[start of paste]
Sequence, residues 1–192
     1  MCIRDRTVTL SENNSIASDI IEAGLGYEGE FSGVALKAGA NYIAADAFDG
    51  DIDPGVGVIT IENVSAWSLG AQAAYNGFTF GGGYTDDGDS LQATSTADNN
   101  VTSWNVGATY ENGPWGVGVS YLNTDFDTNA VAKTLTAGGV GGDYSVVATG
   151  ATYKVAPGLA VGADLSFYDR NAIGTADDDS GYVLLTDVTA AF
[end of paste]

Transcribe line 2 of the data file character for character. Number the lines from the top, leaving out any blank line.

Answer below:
     1  MCIRDRTVTL SENNSIASDI IEAGLGYEGE FSGVALKAGA NYIAADAFDG